14 Free Books By Literary Late Bloomers

14 Free Books By Literary Late Bloomers

You can find free public domain works all over the Internet. Many people don’t realize that you don’t need a Kindle or ebook reader to enjoy them.

I find Kindle For PC the most enjoyable way to read on a screen. You can download it here. And of course, Apple has its iBook format, available through iTunes.

The following works  (with free Kindle links) were written by six late bloomers I’ve profiled:

1: Tales From Mother Goose by Charles Perrault (1628-1703)—Perrault compiled these folk tales from oral tradition at age 69, after he retired from civil service.

2: Autobiography by Benjamin Franklin (1706-1790)—The modern FranklinCovey planning system takes inspiration from Franklin’s self-improvement program. He started his autobiography at age 65.

3 & 4: A Journey To The Center Of The Earth and Twenty Thousand Leagues Under The Sea by Jules Verne (1828-1905)—Verne failed at writing plays and trading stocks before turning to his fabulous tales at age 35.

5 & 6: Dracula and Dracula’s Guest by Bram Stoker (1847-1912)—Published when Stoker was 50, Dracula needs no introduction. Stoker’s widow posthumously published Dracula’s Guest, a collection of short stories. It contains some real gems, including the title tale, a mysterious “deleted scene” from the famous novel.

7 & 8: Tarzan Of The Apes and The Land That Time Forgot by Edgar Rice Burroughs (1875-1950)—Burroughs was a failed entrepreneur before he (like Verne) turned to adventure writing at age 35.

9: The Age Of Innocence by Edith Wharton (1862-1937)—In 1921, Wharton became the first woman to win the Pulitzer Prize for this novel, published when she was 58. She first started writing twenty years earlier.

These are works by literary late bloomers I’ve not yet profiled:

10: Don Quixote by Miguel de Cervantes (1547-1616)—Cervantes was a  tax collector, soldier and slave before he wrote what some consider the first modern novel at age 58.

11: The Life and Adventures of Robinson Crusoe by Daniel Defoe (1659-1731)—Defoe was wine merchant, tax collector and spy before he wrote this classic adventure story at age 60.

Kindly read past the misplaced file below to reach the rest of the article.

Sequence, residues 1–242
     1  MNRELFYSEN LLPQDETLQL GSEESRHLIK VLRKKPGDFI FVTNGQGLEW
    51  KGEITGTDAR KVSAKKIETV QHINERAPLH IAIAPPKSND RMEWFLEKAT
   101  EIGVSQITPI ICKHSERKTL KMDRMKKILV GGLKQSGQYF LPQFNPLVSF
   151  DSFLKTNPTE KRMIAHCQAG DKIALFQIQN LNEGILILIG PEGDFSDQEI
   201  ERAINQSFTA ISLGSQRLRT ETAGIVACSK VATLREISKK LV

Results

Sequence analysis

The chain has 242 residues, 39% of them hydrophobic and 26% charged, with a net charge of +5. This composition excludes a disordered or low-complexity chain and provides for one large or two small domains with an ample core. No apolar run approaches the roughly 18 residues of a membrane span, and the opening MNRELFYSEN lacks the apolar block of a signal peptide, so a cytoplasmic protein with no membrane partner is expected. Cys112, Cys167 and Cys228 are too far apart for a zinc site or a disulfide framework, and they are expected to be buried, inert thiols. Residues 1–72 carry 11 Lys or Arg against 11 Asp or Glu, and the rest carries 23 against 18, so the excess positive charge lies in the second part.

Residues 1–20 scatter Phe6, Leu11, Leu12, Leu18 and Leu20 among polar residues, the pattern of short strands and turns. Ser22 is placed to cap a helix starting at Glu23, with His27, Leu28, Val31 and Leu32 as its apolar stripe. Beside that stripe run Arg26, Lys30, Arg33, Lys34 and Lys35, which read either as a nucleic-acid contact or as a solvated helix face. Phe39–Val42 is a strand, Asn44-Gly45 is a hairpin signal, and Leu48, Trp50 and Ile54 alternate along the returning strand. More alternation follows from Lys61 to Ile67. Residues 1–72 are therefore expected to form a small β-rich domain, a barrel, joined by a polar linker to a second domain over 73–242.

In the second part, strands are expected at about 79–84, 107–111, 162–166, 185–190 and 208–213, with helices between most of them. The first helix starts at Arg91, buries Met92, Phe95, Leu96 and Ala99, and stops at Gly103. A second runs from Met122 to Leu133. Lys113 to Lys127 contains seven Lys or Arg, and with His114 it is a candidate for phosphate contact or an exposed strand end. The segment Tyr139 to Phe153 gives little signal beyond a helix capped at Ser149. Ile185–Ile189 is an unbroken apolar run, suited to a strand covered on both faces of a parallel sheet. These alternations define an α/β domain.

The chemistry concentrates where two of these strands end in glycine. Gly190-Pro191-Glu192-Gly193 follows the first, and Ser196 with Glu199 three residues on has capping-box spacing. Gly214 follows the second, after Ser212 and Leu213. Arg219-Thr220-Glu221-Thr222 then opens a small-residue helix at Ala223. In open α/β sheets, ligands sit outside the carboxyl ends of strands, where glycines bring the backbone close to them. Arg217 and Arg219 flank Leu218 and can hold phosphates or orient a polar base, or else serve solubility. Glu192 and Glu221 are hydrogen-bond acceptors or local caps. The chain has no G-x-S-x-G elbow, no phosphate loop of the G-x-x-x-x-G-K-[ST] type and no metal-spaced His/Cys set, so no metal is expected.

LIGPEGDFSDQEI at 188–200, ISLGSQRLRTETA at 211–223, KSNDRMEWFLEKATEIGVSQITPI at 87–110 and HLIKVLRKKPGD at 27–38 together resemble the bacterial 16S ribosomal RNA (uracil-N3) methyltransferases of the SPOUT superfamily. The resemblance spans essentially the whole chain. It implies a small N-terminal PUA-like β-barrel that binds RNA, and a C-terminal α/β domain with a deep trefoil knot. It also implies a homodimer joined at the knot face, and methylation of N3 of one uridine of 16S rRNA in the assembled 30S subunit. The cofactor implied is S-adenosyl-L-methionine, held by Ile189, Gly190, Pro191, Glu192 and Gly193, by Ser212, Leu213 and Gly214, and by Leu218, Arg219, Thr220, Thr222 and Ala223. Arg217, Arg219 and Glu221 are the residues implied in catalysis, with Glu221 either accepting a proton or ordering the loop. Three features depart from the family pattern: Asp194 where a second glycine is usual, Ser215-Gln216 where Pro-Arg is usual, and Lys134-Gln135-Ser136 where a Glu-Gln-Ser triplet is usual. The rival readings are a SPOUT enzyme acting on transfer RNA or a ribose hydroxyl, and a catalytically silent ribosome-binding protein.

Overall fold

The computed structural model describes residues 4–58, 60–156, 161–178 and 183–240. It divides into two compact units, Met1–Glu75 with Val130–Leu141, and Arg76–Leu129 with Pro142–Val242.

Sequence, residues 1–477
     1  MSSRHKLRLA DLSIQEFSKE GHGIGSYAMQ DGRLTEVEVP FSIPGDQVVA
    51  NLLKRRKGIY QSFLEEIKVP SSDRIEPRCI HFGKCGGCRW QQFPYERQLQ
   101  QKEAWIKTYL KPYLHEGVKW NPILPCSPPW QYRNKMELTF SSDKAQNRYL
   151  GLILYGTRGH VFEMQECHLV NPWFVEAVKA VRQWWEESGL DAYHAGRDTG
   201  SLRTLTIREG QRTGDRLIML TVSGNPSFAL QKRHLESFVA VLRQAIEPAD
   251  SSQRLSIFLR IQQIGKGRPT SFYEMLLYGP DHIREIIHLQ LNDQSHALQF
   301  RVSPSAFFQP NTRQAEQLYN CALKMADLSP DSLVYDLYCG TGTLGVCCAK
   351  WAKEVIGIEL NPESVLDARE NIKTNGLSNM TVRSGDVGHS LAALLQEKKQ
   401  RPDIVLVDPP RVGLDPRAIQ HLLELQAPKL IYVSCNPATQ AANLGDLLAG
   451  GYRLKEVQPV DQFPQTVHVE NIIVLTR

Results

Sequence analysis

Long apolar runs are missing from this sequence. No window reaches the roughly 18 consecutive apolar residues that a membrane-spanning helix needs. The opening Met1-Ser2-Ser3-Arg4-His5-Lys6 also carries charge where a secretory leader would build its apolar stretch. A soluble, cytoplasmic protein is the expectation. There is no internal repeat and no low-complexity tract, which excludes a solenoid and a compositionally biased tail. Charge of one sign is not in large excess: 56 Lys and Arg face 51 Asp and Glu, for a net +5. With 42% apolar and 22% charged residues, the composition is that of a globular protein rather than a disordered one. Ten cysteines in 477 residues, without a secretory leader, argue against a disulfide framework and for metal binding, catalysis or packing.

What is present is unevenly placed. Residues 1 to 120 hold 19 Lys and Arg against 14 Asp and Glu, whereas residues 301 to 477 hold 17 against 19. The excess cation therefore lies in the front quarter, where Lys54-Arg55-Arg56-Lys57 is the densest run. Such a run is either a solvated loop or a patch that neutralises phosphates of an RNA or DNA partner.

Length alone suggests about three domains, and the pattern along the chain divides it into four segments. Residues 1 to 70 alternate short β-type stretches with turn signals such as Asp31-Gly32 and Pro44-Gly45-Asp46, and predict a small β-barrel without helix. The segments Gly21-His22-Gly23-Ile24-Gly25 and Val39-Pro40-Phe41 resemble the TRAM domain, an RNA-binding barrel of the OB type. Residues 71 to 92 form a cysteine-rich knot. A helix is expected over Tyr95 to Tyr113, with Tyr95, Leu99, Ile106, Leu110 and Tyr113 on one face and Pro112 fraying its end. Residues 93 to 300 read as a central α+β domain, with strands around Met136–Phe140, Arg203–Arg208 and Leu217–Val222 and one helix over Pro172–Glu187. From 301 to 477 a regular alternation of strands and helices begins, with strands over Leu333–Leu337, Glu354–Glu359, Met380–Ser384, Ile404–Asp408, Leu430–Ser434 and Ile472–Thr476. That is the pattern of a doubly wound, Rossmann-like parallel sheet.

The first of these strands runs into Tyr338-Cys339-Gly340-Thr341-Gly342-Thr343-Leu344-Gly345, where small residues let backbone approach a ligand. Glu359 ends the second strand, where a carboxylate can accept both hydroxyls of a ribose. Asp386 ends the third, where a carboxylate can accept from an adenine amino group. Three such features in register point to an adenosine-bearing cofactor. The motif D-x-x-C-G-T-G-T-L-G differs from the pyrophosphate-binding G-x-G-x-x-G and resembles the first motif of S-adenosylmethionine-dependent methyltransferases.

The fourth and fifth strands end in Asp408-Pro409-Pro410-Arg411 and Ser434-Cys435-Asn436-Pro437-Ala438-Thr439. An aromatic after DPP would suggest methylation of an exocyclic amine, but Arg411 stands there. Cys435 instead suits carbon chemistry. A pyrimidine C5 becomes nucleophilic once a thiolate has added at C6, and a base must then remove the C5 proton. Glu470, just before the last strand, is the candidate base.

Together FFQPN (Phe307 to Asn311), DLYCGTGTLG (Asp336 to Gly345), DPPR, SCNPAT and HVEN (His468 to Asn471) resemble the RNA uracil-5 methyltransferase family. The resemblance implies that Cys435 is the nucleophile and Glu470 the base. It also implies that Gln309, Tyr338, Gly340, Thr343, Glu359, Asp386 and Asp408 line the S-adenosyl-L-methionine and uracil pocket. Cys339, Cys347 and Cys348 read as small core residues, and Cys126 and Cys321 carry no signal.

12: The Awakening and Selected Short Stories by Kate Chopin (1851-1904)—Chopin began writing when she was 41, but was too far ahead of her time. Although The Awakening was never actually banned, it was censored for bucking social norms and depicting female sexuality.

13: Heart Of Darkness by Joseph Conrad (1857-1924)—Coppola’s used Heart Of Darkness (which Conrad wrote at age 42) as the basis for Apocalypse Now.

14: The Wind In The Willows by Kenneth Grahame (1859-1932)—Although Grahame wrote short stories in his 20s, he took a hiatus from writing to become a father and penned his classic children’s tale at age 49. He based Mr. Toad on Alastair, his headstrong little boy.

I recently read somewhere that most people whom own a Kindle have a TBR (to be read) list a year long. Looks like I just added a few months to that statistic!

12 Responses

  1. Elle,
    Fabulous list of free ebooks! Thank you.
    I also thank you for the Kindle for PC program. I just downloaded it.
    Now all I need to do is make time to read!

    • Debra Eve

      Thanks, Angela! Glad you found the Kindle for PC link useful. I know what you mean about time to read. My Kindle is completely overloaded right now!

  2. Brian Cormack Carr
    | Reply

    What a terrific list, thanks so much for sharing! I shared your post on Ian Fleming with several clients on the “late bloomer” path, and they all said they found it a much-needed inspiration…

    • Debra Eve

      Thanks! So glad to be of service, Brian.

  3. The Agent Apsley
    | Reply

    Separately, I’ve blogged about two works / writers in the ‘unprofiled’ part of the list:

    1. No. 10, despite Jorge Luis Borges’ nice little piece / essay (in the collection Labyrinths) about Cervantes and what it was to be Cervantes, because I am not ashamed to admit that I never finished Don Q. – the uixote is, roughly, the unread part

    2. No. 13, because I can see neither what the fuss about Heart of Darkness / Conrad generally is, nor find, I boldly confess, any fascination for That Film

    Heresies ‘r’ Us

    • Debra Eve

      Agent Apsley — absolutely loved your pieces on Cervantes and Conrad. With some writers with past eras, we recognize the greatness but don’t necessarily relate to them. Others are simply timeless. I remember when I first read Dumas’ Three Musketeers. I expected archaic language, but was stunned by how modern it read.

  4. Barbara McDowell Whitt
    | Reply

    Debra, this is a very thorough list of some of the classics that can be read on Kindle for PC. Thank you for also including the information about the authors.

    • Debra Eve

      You’re welcome, Barbara! It was a joy to put together. I find it astonishing how many classics are available free now. In fact, it’s time for an update, since I’ve found many more.

  5. Kate MacNicol
    | Reply

    This is wonderful! All these fabulous authors and all Later Bloomers. You give me hope Debra.

    So many great books here. I had no idea Edith Wharton was 58 when she wrote The Age of Innocence. The Buccaneers is one of my favorites and I have not read The Age of Innocence. I’m going to change that in just a few minutes. LOL Thanks!

    • Debra Eve

      My pleasure, Kate. One day I’ll do a really comprehensive list!

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